Student’s waiting for buses is a common sight on the streets of Madison. With colder weather right around the corner, Metro Transit has a bigger issue on hand when it comes to finding room for students on already crowded buses.

Bus Rapid Transit (BRT) is a high-frequency, high-capacity, limited-stop transportation service.

One UW-Madison student says, “They are usually pretty full on weekdays around 4 o’clock and during the day when people are always on the buses.”

“I think the proposal for bus rapid transit is incredible, so that’s what they should do.”

The city of Madison is proposing the creation of a Bus Rapid Transit, or BRT.

According to a Madison Area Bus Rapid Transit Study, the transportation planning board estimated that a BRT system could shorten the commute from Capitol Square to West Towne from over 50 minutes to about 35 minutes.

Those involved in the process say the biggest tool for implementation is public opinion.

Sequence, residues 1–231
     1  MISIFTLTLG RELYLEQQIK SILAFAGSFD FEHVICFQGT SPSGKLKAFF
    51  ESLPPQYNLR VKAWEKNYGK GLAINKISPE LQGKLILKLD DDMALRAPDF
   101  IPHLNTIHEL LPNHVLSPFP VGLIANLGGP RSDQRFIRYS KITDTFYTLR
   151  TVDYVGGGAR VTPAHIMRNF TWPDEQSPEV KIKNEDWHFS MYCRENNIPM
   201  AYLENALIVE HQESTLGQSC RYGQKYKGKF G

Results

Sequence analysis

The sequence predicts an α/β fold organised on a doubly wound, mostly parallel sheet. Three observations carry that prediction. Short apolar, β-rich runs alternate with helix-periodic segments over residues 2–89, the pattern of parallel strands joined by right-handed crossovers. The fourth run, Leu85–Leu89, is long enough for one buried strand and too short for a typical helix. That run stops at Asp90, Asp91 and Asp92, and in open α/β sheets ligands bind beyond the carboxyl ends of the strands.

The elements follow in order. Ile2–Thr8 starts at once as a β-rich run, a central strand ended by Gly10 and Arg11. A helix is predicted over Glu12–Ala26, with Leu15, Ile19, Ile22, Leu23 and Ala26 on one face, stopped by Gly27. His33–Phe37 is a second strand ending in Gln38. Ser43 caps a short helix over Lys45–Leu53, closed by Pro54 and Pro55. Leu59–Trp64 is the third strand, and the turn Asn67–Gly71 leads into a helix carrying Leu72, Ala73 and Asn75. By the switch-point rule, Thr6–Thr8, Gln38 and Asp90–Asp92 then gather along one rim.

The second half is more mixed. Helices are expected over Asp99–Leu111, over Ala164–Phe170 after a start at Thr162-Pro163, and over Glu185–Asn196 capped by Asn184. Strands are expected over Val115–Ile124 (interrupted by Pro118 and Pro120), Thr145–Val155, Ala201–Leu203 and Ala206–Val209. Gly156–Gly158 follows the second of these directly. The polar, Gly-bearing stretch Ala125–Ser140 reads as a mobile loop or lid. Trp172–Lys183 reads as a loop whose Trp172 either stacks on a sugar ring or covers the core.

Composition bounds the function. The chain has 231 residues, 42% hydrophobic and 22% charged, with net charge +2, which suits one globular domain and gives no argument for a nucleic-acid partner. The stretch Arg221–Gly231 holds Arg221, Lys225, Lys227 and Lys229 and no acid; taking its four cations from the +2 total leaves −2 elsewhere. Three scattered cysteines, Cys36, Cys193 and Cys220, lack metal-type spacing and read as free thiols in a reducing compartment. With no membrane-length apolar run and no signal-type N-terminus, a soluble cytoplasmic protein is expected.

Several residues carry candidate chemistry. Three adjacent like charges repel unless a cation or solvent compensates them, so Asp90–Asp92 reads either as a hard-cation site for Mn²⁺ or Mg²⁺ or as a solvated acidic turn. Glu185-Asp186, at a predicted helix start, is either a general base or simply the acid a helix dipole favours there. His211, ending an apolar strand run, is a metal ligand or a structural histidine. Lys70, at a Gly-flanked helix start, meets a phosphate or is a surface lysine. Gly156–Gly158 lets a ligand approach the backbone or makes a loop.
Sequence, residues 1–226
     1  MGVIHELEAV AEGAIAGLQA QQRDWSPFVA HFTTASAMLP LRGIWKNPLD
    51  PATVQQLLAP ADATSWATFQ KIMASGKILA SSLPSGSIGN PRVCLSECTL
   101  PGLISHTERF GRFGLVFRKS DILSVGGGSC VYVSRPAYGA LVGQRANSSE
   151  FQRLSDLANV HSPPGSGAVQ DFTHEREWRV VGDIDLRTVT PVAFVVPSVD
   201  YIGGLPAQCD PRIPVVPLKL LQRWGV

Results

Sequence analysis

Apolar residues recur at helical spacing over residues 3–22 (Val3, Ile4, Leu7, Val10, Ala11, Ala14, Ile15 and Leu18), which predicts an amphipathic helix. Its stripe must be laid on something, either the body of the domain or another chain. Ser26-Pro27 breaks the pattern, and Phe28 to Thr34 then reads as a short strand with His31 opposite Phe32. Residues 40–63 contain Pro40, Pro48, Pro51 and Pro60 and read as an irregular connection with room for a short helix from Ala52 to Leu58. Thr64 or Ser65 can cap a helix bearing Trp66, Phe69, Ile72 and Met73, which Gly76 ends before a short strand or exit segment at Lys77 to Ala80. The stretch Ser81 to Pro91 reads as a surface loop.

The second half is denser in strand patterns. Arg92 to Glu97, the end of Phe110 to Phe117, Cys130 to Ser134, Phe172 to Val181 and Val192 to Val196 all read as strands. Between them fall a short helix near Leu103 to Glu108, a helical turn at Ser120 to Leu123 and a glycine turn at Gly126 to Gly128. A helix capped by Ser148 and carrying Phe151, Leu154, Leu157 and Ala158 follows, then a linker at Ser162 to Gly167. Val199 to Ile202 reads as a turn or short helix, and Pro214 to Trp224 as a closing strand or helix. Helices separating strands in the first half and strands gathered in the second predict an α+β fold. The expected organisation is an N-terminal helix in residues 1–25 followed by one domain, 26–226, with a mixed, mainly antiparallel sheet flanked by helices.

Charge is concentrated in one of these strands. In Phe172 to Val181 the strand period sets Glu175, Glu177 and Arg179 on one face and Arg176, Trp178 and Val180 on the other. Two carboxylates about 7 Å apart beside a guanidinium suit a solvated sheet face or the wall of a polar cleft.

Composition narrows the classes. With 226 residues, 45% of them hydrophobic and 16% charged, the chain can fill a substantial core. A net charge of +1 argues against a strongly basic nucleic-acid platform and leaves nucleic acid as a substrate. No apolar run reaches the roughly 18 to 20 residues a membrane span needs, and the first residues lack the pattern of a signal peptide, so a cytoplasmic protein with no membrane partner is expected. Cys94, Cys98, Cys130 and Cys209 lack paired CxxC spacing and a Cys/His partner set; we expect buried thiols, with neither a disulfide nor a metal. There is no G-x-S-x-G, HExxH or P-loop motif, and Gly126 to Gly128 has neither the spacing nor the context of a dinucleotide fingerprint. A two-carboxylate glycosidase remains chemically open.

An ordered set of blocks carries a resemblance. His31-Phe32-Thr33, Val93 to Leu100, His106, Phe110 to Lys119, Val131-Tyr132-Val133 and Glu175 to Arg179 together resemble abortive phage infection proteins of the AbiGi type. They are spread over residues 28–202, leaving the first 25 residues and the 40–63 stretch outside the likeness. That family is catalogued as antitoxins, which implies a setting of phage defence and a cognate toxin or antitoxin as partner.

Philip Gritzmacher, Urban and Regional Planner for the City of Madison said, “Public involvement will be everything from where does the line start and end to what type of urban furniture amenities are available at stops. To which stops are chosen. Is the stop on one side of the road or the other? Those are the sorts of things that we will be reaching out to the public and trying to figure out what is important to the public.”

The proposal for BRT is currently still in phase one. But city planners hope to have the project finalized by 2018 and Madison’s first BRT constructed by 2023. For The Badger Report, I’m Lilly Hanson.

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